Bodie Gas Station

Bodie Gas Station

In June, 2012 my family took a family vacation to the Eastern Sierra area.  This was the site of many past family vacations throughout my life and I am fortunate enough to travel in this area with my entire family again.  For this trip, I am thrilled to bring my wife and son.  Although Heather visited this area a few times before, she and I had never been here together and I was really looking forward to sharing my memories of the area with her and Ryan.

After a quick drive from Las Vegas to Lone Pine via Death Valley, we met my folks and brother and sister-in-law in Lone Pine, California.  We took a few side trips including a drive up to Whitney Portal and the Alabama Hills.  The next day of the trip north on the 395 highway found us in Lee Vining, CA and prepared ourselves for Bodie, CA.

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A quick stop to air down the jeep, just off the Kelbaker Road.

After our recent trip to the center section of the Old Mojave Road, my wife Heather was really excited to run the western section and complete  the entire length of the trail.  Her idea was to drive the western section on our way to our annual trip to Big Bear, CA over the Memorial Day holiday.  I worried that such a trip during this time of year could be a rough trip due to high temperatures in the desert.  In late April we finished the center section in Baker, CA and the air temperature was only 107 degrees.  Despite my concerns, we gladly planned our trip and embraced her good idea.

As we prepared for our trip, gathered our gear, food, and checked out the mechanics of the jeep, I decide to check the local weather report.  To my surprise, weather.com predicted the temps in the mid 80s with clear sky’s and light wind.  The weather could not be any better.

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Old Mojave Road

Incinerator behind the house at Caruther’s Canyon Road

In April 23, 2012, my wife and I woke up early and packed the family into our jeep for a day of back country exploring in the Mojave desert.  On this day, our destination was the middle leg of the historic Old Mojave Road.

The Old Mojave Road was originally a series of trails used by the Native Americans of the Mojave desert to connect the Colorado River with the Pacific coast.  Native Americans developed the trail over time, which was later used by Spanish Missionary’s, U. S. Army, and stage operators.  The Mojave Road fell into disuse when the railroads came into the area in the 1880′s.  Dennis Casebier, and his Friends of the Mojave Road, ‘rediscovered’, mapped and documented the Mojave Road.  Our trip on this day, is possible due to their hard work and dedication, which follows centuries of history.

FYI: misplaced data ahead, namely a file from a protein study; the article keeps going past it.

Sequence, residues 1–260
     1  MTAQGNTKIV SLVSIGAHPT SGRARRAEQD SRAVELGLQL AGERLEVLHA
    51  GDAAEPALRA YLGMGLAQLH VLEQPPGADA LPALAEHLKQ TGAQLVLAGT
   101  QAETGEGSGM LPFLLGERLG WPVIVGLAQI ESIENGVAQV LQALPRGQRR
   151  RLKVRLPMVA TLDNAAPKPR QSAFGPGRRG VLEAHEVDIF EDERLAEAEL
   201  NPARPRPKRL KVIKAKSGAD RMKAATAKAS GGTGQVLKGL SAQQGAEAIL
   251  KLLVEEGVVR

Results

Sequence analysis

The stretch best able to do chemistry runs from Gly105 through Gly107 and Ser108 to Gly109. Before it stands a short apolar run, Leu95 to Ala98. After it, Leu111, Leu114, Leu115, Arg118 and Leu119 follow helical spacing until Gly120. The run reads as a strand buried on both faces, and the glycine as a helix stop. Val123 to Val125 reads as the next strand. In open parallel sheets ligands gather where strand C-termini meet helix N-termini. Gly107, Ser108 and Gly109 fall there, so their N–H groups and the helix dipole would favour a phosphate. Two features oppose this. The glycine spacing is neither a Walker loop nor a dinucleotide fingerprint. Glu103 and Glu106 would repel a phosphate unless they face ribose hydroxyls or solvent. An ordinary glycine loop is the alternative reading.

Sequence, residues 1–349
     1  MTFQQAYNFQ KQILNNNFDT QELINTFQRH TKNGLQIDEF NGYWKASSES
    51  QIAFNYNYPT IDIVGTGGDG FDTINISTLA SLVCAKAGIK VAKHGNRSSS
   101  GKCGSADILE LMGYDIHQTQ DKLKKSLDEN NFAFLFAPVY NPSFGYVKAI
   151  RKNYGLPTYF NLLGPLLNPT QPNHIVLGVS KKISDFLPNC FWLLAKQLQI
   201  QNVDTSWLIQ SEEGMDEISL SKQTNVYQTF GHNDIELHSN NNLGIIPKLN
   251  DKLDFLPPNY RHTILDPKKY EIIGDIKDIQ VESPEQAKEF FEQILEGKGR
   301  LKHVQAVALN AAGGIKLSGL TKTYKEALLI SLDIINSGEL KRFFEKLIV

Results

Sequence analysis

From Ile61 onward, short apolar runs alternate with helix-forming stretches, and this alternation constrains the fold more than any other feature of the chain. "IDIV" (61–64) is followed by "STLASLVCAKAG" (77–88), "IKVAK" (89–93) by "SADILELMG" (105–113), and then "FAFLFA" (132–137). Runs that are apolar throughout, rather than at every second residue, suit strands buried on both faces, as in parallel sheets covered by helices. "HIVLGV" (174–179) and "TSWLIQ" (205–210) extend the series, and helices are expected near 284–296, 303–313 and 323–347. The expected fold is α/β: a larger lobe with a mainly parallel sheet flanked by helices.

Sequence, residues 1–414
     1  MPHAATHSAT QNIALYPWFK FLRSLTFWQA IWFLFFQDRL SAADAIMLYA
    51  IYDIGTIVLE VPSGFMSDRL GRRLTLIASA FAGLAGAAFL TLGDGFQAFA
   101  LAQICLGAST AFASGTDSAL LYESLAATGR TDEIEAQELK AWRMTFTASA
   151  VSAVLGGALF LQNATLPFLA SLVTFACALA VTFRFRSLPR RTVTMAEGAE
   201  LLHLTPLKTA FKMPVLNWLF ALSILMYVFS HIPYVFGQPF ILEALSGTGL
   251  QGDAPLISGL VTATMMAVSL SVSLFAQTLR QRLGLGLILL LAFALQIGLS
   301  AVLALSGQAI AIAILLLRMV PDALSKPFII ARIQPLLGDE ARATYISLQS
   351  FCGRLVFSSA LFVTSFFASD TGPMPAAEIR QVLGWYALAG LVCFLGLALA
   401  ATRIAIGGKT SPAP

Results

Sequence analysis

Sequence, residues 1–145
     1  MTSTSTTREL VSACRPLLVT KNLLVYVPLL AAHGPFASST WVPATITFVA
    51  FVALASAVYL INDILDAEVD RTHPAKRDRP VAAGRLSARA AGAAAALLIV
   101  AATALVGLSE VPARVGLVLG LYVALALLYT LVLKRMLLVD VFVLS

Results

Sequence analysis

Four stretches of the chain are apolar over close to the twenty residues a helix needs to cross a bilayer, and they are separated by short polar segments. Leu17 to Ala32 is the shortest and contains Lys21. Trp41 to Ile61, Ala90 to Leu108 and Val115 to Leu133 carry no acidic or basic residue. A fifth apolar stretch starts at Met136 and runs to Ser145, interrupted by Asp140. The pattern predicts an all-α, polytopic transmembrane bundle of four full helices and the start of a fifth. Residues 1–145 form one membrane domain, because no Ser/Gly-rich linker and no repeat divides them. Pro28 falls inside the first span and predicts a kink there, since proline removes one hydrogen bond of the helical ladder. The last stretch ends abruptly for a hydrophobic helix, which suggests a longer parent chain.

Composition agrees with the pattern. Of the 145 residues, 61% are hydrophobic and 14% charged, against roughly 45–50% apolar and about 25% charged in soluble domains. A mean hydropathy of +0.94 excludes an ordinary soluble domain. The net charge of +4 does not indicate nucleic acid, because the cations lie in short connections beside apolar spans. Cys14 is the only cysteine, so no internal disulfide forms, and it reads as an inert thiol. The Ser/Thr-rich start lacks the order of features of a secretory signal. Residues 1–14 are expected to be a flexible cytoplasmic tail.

As we left Las Vegas early Sunday morning we drove past Primm, Nevada and continued into California we watched the temperature climb from 75 to 85 degrees.  We exited interstate at Nipton Road and drove East into the southern California desert.  A quick right turn at Ivanpah Road and we were on our way into the Mojave National Preserve.

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As a lifelong outdoors man, I have hiked, rafted, backpacked and camped across most of desert southwest.  As such, I have learned very well what I do and don’t need when I leave the city. I am perfectly happy finding a clearing just off a tail and setting up a campsite.  A few years ago my wife and I purchased a four door Jeep Wrangler JK which we use quite often to go on day drives.  The challenge is load and organize all of our gear and carry it in a medium size SUV.

My goal is to build a chuck box, or camp kitchen, which is a simple box to store all the kitchen supplies needed for a successful camping trip.  The chuck box needs to balance strength, weight and most importantly for me, size.  The chuck box needs to contain all of gear and would enable to set up our campsite in no time.  I am hoping to keep it small enough and lite enough that I can easily move it with no help.  The Jeep 4 door Wrangler does not have a large about of cargo space especially for a family of three and a yellow Labrador.

I have several goals:

  1. I want the chuck box to fix in the back of the jeep with the back seats usable.
  2. The box must contain all of our cooking gear,  including a stove, pots, frying pans, dutch oven, plates, utensils, cleaning supplies, etc…
  3. Everything is carried securely AND  organized in such a way that it keeps down the noise potential when driving on the back roads.
  4. The box needs to be light weight yet strong enough to survive the pounding of camping, ‘jeepin’, etc…
I will post photos of my camp kitchen when I have some time to take them.

 

 

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